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Back again, here's the second episode of a saga that lasted till 1997 with Zork: Grand Inquisitor. Our quest's the same as in the first game: We are a hero who must explore a dungeon meeting and interacting with unprobable characters.
The engine which processes our commands is as good as the one of the first zork, so you won't have problems proceeding through the adventure which, as for "The Great Underground Empire" has little to no background, but this fault is largely compensed by the difficulty of the puzzles, which will give us very few, if any, clues to solve them and by the atmosphere itself, which will have a long-forgotten taste only older gamers will recognize..there's fun to be had, but you must be careful to save often. This is a game for serious adventurers only.
Overall, The Wizard of Frobozz's a must-have, plain and simple, no one could call himself a true retro-player without having THIS on harddisk.
Zork 2 is a continuation of the story from.. yes, you guessed it, Zork 1. I should point out here that although the series should be played in order, each part is independant of the rest, so you no experience of the first 2 games is needed to play Zork 3 for example. The story: arrying on from the first game, you are exploring a region of the underground empire ruled by the powerfull (and senile) Wizard of Frobozz. Your goal? To defeat the wizard and gain control of his powers.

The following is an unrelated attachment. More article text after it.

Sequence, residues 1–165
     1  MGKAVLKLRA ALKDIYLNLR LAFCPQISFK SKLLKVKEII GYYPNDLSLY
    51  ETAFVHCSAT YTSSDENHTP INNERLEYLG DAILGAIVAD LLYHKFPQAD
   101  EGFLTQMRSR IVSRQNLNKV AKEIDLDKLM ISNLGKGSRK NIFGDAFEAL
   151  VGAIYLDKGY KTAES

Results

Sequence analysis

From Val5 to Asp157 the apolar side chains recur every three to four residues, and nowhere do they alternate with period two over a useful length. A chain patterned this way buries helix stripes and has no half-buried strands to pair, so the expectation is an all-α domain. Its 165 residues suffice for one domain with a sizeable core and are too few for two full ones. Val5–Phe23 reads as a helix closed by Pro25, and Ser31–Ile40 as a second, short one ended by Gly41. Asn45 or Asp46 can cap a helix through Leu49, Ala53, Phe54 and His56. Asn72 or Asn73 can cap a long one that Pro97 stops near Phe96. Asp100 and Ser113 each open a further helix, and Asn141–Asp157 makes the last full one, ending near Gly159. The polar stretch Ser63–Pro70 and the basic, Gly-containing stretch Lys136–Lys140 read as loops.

Zork II has long been regarded as one of the most difficult game in the Zork series. The puzzles are devious, and clues are too scarce. The game also suffers two fundamental flaws in adventure game design--the "resurrection" fallacy and the "dead-end" fallacy. The resurrection fallacy states that an adventure game must never require the player to die or fail in the game in order to gain information that is subsequently required during the replay to complete it. Many puzzles, such as the ones involving the "dehydration" cakes, the brick, and the "shrinking" candy, are examples in which the solutions must either be guessed or deduced only after the player makes an incorrect choice and fail to complete the game.
In contrast, the dead-end fallacy refers to any situation whereby the player cannot finish a game because a puzzle or an item has been missed which the player now no longer can access. This leads the player down the long path of a dead-end. The player must then restore to an older saved game to replay the key sequences. Puzzles, such as the ones involving the red sphere, the "dehydration" cakes, the "shrinking" candy, and the matches, are such examples.
Personaly I prefer the first game in the trilogy to this one.
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Zork 2 screenshot
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